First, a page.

Vestibule Dysfunction: Why Poor Hearing Development Affects Your Child’s Vestibular, Balance, Speech and Language

By: Integrated Learning Strategies

Hearing is a complex game, and ear parts out of sync can impact learning. Understanding these parts is crucial for success in the classroom and life.

The Vestibule The inner ear contains a complex labyrinth that converts sound waves into electrical signals for our brain. The vestibular system, located at the end, consists of sacculus, utriculus, and semicircular canals. These tiny parts, lined with hair cells and filled with fluid, control our movements.

The Cochlea The cochlea, a snail like structure in our inner ear, controls our ability to hear and speak. It also is filled with hair cells and fluid. The vibrations are sent through the cochlea and turned into electrical signals for our brain to understand.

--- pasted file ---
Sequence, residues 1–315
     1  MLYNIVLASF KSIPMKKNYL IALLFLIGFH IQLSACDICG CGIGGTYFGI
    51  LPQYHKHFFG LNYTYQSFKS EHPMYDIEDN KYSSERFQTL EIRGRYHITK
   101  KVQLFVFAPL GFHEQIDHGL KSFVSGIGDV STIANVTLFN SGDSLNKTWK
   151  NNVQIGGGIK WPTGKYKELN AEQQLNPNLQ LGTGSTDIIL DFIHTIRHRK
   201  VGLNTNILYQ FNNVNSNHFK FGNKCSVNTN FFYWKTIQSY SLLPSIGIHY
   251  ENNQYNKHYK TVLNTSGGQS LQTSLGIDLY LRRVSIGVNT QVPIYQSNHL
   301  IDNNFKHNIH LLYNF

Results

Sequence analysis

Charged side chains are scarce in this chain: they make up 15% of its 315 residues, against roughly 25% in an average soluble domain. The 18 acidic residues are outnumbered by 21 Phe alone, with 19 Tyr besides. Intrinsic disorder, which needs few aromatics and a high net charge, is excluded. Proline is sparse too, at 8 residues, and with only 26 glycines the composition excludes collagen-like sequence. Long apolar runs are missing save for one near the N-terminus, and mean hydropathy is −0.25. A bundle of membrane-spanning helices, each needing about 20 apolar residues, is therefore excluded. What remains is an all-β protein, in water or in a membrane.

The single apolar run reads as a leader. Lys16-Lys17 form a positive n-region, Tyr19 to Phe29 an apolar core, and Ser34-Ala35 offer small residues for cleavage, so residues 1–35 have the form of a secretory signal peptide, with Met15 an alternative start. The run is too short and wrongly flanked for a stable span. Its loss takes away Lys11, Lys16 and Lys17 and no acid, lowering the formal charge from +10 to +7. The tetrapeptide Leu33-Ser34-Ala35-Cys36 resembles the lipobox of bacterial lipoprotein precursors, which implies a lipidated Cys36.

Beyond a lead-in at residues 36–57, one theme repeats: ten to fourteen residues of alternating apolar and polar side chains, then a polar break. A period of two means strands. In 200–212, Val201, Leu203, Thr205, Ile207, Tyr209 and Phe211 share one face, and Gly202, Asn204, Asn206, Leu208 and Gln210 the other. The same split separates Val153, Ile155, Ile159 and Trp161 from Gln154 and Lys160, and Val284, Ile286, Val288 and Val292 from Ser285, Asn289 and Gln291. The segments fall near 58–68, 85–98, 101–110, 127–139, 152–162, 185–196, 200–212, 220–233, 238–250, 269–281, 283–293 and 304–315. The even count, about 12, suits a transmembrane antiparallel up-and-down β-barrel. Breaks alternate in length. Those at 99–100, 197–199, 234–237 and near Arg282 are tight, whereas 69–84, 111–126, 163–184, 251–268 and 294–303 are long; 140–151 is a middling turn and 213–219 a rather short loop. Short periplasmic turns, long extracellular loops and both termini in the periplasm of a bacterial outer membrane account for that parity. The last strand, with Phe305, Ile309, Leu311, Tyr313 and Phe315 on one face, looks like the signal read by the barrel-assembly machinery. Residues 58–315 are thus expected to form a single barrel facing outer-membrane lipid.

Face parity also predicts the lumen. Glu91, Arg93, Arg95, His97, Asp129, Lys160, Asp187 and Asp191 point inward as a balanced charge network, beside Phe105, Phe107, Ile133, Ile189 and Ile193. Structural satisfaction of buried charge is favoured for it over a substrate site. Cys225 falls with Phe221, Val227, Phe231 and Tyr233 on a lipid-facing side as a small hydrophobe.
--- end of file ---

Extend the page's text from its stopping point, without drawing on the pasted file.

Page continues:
The Vestibule Cochlea Link The vestibule and cochlea are studied by different professionals, with physical or occupational therapists treating vestibular issues and auditory specialists treating cochlear issues.

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